GLASGOW’S artists, writers and musicians made so much noise about the new Criminal Justice and Licensing Act last weekend that you could be forgiven for thinking the law was only going to affect that city, rather than the whole of Scotland. It took four more days for the rest of the country to wake up to what is potentially a bombshell for the arts.

In case you missed all this, as of 1 April this year all exhibitions will need to pay for public entertainment licences, even if they’re free and in a temporary space. If rigorously enforced, this law could destroy grassroots culture as we know it in Scotland – not just art but comedy, music, poetry readings, film screenings, parties, and any other events put on by people who want to express themselves, experiment, create a scene and inspire and entertain those around them, but who don’t have the money to shell out over £100 per event for an entertainment licence, or the time to get bogged down in weeks of bureaucracy.

It’s easy to see why Glasgow woke up to the problem first. Much of the city’s cultural identity, in recent years, has been built upon its world-renowned DIY art and music scene. Franz Ferdinand famously played their first gigs in a derelict warehouse called the Chateau, which staged gigs and exhibitions that were talked about internationally – and not just because of the Franz connection.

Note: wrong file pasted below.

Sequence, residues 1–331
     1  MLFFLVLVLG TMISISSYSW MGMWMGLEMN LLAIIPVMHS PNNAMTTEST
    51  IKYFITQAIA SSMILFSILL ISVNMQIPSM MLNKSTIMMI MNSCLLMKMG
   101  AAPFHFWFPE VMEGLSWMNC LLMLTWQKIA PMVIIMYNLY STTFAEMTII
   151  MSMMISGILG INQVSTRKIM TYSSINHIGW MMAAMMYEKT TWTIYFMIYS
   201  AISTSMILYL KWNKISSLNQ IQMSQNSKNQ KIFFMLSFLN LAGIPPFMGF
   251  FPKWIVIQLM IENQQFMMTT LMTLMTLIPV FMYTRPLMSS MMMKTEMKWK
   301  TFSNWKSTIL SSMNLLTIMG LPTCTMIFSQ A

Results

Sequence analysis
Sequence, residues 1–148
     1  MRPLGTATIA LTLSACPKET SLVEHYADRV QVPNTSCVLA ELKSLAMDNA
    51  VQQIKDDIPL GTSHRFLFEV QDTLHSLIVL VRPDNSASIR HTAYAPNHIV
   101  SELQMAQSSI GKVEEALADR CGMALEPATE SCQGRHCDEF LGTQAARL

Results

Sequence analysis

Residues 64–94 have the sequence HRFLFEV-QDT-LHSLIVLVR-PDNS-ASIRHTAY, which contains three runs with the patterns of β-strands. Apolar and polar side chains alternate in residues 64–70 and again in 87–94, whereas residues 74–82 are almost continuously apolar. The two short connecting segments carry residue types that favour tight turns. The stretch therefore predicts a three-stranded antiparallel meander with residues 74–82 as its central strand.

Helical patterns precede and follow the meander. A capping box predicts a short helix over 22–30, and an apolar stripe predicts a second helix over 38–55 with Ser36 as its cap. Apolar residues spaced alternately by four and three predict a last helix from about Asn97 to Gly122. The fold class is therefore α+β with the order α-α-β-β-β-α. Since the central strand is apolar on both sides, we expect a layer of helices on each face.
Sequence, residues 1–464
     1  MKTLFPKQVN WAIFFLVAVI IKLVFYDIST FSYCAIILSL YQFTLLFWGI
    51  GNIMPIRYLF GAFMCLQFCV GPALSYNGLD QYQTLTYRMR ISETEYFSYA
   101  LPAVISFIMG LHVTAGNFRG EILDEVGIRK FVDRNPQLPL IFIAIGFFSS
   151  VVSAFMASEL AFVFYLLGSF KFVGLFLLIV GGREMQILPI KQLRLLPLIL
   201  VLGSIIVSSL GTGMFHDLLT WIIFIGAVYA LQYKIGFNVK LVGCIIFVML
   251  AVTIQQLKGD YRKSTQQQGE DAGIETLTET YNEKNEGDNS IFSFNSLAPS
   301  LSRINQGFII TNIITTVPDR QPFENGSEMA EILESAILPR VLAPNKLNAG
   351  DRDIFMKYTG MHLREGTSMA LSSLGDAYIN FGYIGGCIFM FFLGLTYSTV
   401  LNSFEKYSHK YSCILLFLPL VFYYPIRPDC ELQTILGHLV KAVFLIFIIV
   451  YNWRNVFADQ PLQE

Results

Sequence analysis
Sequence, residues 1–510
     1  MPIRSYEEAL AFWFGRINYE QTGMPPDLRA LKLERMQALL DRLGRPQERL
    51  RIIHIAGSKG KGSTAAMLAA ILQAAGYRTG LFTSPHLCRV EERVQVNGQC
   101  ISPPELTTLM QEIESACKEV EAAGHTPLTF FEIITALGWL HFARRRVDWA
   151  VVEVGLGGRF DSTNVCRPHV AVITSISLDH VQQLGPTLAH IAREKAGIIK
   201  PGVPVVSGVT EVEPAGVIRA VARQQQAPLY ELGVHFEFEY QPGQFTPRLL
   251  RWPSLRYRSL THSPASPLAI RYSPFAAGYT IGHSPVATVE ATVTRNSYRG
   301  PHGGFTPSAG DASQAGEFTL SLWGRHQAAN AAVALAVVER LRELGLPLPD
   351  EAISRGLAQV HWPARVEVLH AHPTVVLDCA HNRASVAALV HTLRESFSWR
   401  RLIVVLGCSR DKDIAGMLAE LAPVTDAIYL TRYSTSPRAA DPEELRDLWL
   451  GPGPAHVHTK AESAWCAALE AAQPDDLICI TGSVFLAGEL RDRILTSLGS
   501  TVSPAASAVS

The Chateau went on to become part of the Glasgow International art festival, as did numerous artists and curators who had found their feet by putting on shows in whatever free spaces they could find, from disused shops to their own homes.

The sense of community and possibility created in a place like this, where Turner Prize winners and famous bands mingle informally with a younger generation of artists and musicians, passing on knowledge and contacts, is one of the main reasons why the city’s artists are so successful.

Glasgow City Council seems to recognise the value of this and looks as if it will take steps to protect it. This, hopefully, will set a precedent for decisions made across the rest of Scotland. At time of writing a national campaign is gathering pace, having begun not in Glasgow but Edinburgh, a city whose artists know all too well how difficult it is to create a thriving grassroots scene, as venues constantly close to make space for offices or flats.

Please support this campaign. Most towns don’t have an Alasdair Gray or an Alex Kapranos to make a big public fuss. Instead, they need emails and letters to councillors. Lots of them. So write one.

Saturday, 18 February 2012

Scrap Arts Tax meeting number 1

My head is still buzzing after today's Scrap Arts Tax meeting which was held at Glasgow School of Art in the Mackintosh Lecture Theatre.

As expected, the lecture theatre was packed with individuals from a range of backgrounds, interests, ages and locations. It was great that some people from Edinburgh had travelled through, emphasising the notion that this is a national issue rather than purely a Glasgow issue.